An article in the Rockhampton Morning Bulletin on 3 September 1938 states that brothers Patrick and George Leslie and two other men left Sydney in search for land along the Clarence River but could not find a road to that district. After two days of trying they decided to head north into the Moreton Bay settlement region. A station was established at Canning Downs and in 1847 the NSW government asked Patrick Leslie to lay out the town of Warwick after selecting a site. When the land was put up for auction, Leslie purchased the first block of land sold in Warwick.
Warwick and the surrounding Darling Downs has a strong agriculture industry and, only 130 kilometres south/west of Brisbane, Warwick is the administrative centre for the Southern Downs local government.
Our first stop was to the Warwick Information Centre to pick up brochures of what there is to do and see around Warwick. These centres are manned mostly by volunteers who have a wealth of knowledge of their area and are passionate to share what they know.
We decided lunch at the RSL was the best option and both chose the mixed grill complete with poached egg and lots of bacon. It was really far too big for lunch, however we accomplished the task.
After lunch we visited Pringle Cottage Museum in Dragon Street. It is a step back in time as you wander through the rooms and remember items of interest from younger years. Volunteers provide an interesting commentary as you walk through each room of the two-stored building. Pringle Cottage built around 1870 by John McCullough and is now listed by the National Trust for its historical significance. It houses a priceless collection of furniture, household items and machinery representing more than 130 years of family life in the district. There are other buildings on the site which are open for the public to view. These include the Shepherd's Hut, Old Canning Cottage, The Emporium, L.B. Eastwell Hall and Newspaper Printery.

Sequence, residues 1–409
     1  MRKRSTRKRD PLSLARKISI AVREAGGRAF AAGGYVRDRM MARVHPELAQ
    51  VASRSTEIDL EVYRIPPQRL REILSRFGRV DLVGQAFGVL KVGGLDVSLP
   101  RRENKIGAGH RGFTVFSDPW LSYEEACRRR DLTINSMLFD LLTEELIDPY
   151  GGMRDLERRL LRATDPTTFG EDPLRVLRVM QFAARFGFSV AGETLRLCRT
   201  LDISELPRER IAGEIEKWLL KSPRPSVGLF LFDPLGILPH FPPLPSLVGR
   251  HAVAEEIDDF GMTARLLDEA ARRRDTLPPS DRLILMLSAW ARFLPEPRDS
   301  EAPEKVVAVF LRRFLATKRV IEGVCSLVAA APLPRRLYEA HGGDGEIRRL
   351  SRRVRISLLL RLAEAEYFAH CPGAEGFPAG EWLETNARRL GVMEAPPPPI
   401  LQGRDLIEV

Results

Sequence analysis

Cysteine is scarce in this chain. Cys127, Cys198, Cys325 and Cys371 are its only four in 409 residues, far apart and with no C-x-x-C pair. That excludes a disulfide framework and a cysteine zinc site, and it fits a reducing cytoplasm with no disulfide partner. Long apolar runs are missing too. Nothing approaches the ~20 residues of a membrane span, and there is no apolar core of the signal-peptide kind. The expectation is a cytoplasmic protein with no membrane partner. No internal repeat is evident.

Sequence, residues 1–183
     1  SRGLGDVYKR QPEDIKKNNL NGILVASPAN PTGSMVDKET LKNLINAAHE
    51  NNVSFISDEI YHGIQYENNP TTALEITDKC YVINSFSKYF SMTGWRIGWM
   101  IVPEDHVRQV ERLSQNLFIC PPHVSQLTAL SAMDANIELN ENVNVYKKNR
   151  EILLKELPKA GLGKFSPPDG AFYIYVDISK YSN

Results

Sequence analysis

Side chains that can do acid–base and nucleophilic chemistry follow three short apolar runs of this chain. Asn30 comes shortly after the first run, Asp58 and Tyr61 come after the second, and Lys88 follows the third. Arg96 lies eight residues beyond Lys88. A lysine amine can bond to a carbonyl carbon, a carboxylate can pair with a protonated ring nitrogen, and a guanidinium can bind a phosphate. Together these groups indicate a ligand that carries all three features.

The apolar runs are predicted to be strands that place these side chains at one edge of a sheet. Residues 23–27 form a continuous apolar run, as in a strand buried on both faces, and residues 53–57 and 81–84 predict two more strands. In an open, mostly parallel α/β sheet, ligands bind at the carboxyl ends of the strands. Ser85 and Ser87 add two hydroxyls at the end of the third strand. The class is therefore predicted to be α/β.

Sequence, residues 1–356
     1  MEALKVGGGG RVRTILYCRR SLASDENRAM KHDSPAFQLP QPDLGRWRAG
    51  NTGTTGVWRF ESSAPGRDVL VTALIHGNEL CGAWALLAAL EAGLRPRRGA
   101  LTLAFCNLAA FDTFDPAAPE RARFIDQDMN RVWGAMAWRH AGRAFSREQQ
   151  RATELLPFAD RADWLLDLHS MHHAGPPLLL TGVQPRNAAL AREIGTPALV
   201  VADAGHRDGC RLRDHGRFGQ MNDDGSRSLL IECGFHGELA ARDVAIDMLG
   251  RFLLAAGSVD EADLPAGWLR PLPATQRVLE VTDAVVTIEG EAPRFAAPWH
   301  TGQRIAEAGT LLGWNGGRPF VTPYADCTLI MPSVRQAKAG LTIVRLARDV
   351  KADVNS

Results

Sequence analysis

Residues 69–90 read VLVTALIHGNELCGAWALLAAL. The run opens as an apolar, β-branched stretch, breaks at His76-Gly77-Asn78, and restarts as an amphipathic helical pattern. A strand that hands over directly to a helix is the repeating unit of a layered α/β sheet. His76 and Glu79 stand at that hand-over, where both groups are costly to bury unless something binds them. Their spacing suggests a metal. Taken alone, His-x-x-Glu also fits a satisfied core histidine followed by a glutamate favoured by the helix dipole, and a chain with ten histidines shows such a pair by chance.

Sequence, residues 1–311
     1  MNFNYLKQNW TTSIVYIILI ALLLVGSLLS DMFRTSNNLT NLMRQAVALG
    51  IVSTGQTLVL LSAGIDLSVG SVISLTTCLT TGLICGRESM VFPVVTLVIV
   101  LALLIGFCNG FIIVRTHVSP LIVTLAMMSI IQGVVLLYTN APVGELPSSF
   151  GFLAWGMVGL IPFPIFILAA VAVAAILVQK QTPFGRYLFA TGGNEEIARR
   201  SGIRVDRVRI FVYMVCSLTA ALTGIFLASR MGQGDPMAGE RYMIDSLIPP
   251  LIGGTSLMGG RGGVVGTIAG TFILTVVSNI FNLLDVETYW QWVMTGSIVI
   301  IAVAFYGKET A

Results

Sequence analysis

The building once operated as a private school, known as Milton College, run by Mrs Pringle from 1898 to 1908. The name Pringle Cottage was given by the Warwick and District Historical Society to recognise the era of Mrs Pringle and to identify the building.
For those who love visiting markets, the Warwick Charity Markets are held on the first Sunday of the month at the Warwick Town Hall Carpark from 8am till Noon.
I have always been fascinated by the enormous castle-like building in Warwick named Abbey of the Roses B&B and wondered about its history.
In 1891 the foundation stone for the Sisters of Mercy Convent in Locke Street was laid and an amazing building was constructed. Formerly Our Lady of Assumption Convent, this grand building was completed in 1893 from Freestone. The current building was built in three stages and many girls were educated in the 3R's by the Nuns over nearly 100 years.
Nearing its centenary and its last days as a Convent, the building had a living space of 1486 square metres, including fine reception rooms, library, and dormitories, imposing halls, chapel with beautiful stained glass, attic and myriad of nuns' cells. Unfortunately, due to continual and expensive repair, the Order had no choice but to sell and in 1994 a private family purchased the building from Sophia College Trust, who had operated a residential university college from the site for the previous four years. A new chapter began in its history.